Dictionary of National Biography, 1885-1900/Brown, John (1735-1788)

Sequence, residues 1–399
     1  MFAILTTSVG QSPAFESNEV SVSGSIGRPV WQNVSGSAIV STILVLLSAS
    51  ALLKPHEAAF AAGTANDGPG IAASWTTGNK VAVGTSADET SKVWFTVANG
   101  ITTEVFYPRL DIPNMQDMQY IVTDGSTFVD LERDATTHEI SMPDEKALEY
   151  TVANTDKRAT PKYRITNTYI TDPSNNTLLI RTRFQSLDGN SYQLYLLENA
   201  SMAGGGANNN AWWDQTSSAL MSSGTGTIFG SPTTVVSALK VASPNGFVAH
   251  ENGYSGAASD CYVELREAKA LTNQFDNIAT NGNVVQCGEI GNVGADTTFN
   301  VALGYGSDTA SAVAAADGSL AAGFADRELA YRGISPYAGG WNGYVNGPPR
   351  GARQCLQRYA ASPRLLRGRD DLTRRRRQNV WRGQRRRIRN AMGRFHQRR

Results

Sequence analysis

BROWN, JOHN, M.D. (1735–1788), founder of the Brunonian system of medicine, was born at a village in the parish of Buncle, Berwickshire. The father was probably a day-labourer, and he followed the teaching of the seceders. He died early in life, and his widow married another seceder, a weaver by trade. When Brown was twelve or thirteen he gave offence to the seceding community by going once to public worship in the parish church of Dunse, and, refusing to be admonished, he formally left the sect. As he grew up he began to develop a philosophical turn, after the manner of Hume, and continued all his life to be somewhat free in his thinking. His quickness induced his father to send him, when five years old, to the parish school of Dunse, then under an unusually good Latinist named Cruickshank, and attended by boys generally Brown's superiors in position. Before he was ten he was head of the school; but he was then taken away and put to his stepfather's trade. This made him miserable, and Cruickshank soon persuaded the parents to let him have the boy back to continue his schooling free of charge. Brown made himself generally useful in the school, and at thirteen he became pupil-teacher. He had fought his way to respect in the school no less by his superior intelligence than by his physical prowess. He was a stout thickset boy, with a ruddy face and a strong voice, and he was among the foremost at wrestling, boxing, and football. In a note to one of his books he says that he once, when fifteen, walked fifty miles in a day. His memory was prodigious ; one of his old pupils tells of him that on one occasion, after going through two pages of Cicero with the class, he closed the book and repeated the whole passage word for word. The country people found out that he was a prodigy, and it was popularly believed that ' he could raise the devil.'